The liquid hot water treatment was expected to solubilize the hemicelluloses, make the cellulose more accessible to enzyme hydrolysis, and not form any inhibitors . Fermentable sugars increased during saccharification if the OPF was subjected to a liquid hot water pretreatment. Currently, alkali-pretreatment with ammonium hydroxide  and liquid hot water pretreatment  are considered to be a near-term option, among various pretreatment methods.
OPF treated with acid yielded the least fermentable sugars following enzymatic saccharification in solid state fermentation. This result suggested that acid pretreatment can extend the notch on cells leading to further loss of lignocellulosic material from the sample as reflected by the low yield of fermentable sugars. Diluted sulfuric acid also can hydrolyze hemicelluloses to xylose and other sugars and to break down xylose to furfural .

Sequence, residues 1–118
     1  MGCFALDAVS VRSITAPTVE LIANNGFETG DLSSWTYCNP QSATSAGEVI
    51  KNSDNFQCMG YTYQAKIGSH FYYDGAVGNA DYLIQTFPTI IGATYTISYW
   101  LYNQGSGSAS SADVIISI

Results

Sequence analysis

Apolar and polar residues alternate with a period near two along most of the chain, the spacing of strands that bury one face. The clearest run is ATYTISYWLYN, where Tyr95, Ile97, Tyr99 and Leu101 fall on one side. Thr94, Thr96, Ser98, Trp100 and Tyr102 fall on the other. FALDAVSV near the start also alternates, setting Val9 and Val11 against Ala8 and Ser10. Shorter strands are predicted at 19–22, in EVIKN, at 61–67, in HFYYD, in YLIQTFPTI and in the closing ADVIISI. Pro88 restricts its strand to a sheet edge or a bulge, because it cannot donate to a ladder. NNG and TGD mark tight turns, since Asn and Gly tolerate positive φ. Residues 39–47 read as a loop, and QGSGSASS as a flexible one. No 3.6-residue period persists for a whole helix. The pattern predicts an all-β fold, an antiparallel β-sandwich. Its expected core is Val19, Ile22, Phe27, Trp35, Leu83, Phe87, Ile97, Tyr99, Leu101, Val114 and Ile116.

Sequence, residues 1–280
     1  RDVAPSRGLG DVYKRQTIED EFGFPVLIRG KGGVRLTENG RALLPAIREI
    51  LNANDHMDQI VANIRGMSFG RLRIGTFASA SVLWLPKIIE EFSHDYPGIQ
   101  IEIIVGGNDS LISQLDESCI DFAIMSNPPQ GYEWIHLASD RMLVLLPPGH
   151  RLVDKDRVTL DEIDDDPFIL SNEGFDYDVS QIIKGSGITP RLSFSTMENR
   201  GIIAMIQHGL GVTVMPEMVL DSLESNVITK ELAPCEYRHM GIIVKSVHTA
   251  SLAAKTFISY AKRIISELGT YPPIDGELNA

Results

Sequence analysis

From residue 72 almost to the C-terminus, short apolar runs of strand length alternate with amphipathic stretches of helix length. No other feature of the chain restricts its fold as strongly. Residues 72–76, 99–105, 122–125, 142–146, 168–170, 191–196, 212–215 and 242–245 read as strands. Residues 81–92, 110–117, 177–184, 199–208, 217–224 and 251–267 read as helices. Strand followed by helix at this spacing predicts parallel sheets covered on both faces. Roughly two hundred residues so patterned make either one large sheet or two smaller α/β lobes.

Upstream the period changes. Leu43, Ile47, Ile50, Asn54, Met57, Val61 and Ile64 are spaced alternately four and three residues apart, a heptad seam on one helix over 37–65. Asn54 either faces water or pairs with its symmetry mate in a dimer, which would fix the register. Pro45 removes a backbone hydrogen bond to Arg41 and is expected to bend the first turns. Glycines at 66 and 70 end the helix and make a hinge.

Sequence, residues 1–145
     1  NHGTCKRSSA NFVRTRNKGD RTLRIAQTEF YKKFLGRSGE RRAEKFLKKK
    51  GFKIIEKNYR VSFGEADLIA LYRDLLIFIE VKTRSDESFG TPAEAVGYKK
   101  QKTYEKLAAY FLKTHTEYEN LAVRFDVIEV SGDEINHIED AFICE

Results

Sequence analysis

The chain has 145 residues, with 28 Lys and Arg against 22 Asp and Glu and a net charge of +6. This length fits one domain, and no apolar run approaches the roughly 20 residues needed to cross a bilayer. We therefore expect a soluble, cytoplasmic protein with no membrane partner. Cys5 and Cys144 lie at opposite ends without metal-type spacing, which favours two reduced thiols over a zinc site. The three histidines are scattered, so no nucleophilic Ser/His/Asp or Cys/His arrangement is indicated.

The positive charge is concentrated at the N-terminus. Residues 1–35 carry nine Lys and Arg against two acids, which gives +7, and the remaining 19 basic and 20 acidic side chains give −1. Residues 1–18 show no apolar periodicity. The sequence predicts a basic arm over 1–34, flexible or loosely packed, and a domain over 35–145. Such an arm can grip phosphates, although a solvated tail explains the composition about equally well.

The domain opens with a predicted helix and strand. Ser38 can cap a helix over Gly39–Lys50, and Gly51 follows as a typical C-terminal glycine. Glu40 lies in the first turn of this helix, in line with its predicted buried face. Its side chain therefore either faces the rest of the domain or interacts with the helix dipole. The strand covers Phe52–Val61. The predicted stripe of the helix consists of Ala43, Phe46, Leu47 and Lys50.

Carlos and Ball  reported that fungal hyphae can readily colonize plant biomass. The micrographs confirm that enzymatically degradable lignocellulosic substrate produced the observed fermentable sugar. This finding is similar to that of Itoh et al.  who reported that white rot fungi were commonly used for the enzymatic hydrolysis of agricultural wastes and to produce fermentable sugars.
The work was supported by a Research Grant from the Ministry of Science, Technology and Innovation of Malaysia (MOSTI). The first author thanks the Universiti Sains Malaysia for awarding her a USM fellowship through-out her PhD programme.